1998 Motoman UP-Series: The UP series introduced a simpler robot arm that is more readily accessible for maintenance and repair. The parallel link arrangement, or yoke, was eliminated. The bearings that flanked the sides of the SK series, providing stiffness and rigidity, gave way to vibration suppression in the servo control loop on the UP series. Other advantages to this arm are far better linear control and circular precision. The first two robots in this series were the UP6 and the UP130. They offer the ability to reach behind themselves to facilitate such things as tool-changing. Honda was instrumental in driving the development of both the UP series of arms and the XRCarm control. The other robots in this series include: UP6‑C, UP20, UP20‑6, UP20M, UP50, UP130, UP16, UP165-100, UP200, and UP350.
1999 Motoman World Solutions: Motoman celebrated “10 Years, 10,000 Robots!” by expanding the pre-engineered World solutions with the PressWorld and the DieCastWorld.
2001 Motoman EA and ES Series: Integral process cables made the EA (Expert Arc) and ES (Expert Spot) robots in demand for those applications.
2002 Quad Robot Control: The ability to program four robots from a single controller was created and named quad robot control. Motoman also released the DX1350, a small arm specifically designed for deburring applications.
2004 Motoman NX100 Control System: The NX100 introduced the ability to control up to 36 axes a color touch screen teach pendant with the Windows CE operating. The robot arm series became specifically designed for specialized applications. Some of the supply cables were moved in order to increase the efficiency of the robots during the application. The EA Series was released as the Expert Arc Welding Series.
2006 Motoman Introduces a New Arm Design: A new robot style was released with the introduction of the human-sized IA20 (single) and DA20 (dual) robot arms. Both of these arms hide all of the supply cables inside their body. These arms offered human-like flexibility in their movements and were ideal for machine tending, assembly, and even beverage serving! The RoboBar, an automated drink station, grabs national attention.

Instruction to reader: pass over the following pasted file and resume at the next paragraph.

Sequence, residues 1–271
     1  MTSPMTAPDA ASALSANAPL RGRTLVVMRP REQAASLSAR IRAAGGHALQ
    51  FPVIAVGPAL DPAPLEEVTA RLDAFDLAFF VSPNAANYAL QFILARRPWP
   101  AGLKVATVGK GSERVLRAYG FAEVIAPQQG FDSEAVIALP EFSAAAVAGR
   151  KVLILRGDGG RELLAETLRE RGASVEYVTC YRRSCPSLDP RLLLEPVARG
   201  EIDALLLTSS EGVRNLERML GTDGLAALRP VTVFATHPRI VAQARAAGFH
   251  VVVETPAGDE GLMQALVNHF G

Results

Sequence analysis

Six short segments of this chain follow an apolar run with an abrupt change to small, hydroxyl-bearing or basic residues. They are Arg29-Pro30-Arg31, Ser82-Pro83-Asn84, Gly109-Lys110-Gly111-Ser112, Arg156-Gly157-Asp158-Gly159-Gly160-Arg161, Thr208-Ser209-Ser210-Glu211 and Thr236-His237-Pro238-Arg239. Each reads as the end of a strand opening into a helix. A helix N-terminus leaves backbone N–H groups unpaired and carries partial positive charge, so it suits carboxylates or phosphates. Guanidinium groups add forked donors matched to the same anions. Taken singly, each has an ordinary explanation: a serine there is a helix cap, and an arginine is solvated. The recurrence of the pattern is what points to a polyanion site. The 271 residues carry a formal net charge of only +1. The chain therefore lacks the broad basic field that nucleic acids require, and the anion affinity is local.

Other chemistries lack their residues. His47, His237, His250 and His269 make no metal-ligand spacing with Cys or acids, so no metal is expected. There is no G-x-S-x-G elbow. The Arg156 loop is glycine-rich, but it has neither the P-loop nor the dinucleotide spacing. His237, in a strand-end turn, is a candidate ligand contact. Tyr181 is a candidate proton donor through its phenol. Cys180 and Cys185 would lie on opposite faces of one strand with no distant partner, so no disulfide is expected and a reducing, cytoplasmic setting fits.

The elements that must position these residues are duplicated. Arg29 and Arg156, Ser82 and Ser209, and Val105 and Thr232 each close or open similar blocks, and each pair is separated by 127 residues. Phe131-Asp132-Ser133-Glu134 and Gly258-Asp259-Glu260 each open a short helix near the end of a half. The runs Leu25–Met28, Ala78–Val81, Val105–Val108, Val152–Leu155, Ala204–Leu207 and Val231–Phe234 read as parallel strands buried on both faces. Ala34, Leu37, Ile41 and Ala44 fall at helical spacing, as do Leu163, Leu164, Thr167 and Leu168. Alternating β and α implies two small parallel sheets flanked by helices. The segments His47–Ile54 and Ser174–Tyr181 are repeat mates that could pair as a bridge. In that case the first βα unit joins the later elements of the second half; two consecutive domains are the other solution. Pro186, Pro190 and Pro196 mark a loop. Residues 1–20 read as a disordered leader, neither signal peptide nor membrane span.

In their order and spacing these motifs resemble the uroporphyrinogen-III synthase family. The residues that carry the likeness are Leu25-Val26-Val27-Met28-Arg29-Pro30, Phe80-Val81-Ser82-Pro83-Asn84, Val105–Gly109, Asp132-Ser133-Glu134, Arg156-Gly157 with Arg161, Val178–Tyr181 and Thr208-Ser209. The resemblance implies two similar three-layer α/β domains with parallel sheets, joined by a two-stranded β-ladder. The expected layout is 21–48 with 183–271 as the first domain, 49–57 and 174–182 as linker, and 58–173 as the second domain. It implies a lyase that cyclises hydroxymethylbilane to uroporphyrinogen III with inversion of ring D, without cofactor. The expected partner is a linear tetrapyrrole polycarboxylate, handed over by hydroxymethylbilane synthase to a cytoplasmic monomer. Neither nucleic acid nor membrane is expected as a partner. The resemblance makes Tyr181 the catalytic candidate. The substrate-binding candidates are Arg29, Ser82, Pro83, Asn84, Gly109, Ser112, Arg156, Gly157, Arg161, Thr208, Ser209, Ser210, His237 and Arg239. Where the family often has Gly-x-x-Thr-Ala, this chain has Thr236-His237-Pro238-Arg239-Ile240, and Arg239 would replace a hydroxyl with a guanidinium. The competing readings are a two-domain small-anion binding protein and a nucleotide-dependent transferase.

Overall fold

2007 New Motoman Robots Arms: This year saw the introduction of the world’s fastest welding robot, the Super Speed Arc SSA2000, and the Super Speed Flexible SSF2000 handling and general process robot.
2009 Dual Arm Robots: Motoman comes out with their new dual-arm robots: SDA10 and VA1400.
2010 Yaskawa Motoman Robotics: Motoman Inc. and Yaskawa Electric America combine to form Yaskawa America with a Motoman Robotics Division. This change allows the company to more effectively target the global marketplace.
2010 New Facilities: Yaskawa Motoman breaks ground on a new 300,000 sq ft facility as they make a move from West Carrollton and Troy to Miamisburg, Ohio.
2011 Faster Pick-and-Place Robot: A newer body style for quicker pick-and-place and sorting applications with Motoman’s new FS100 & MPP3 robots.
We are excited to continue watching Motoman innovate and bring amazing industrial robot solutions across the globe! Contact Robots.com experts today for more information on Motoman robotics at 877−762−6881 or through our contact form.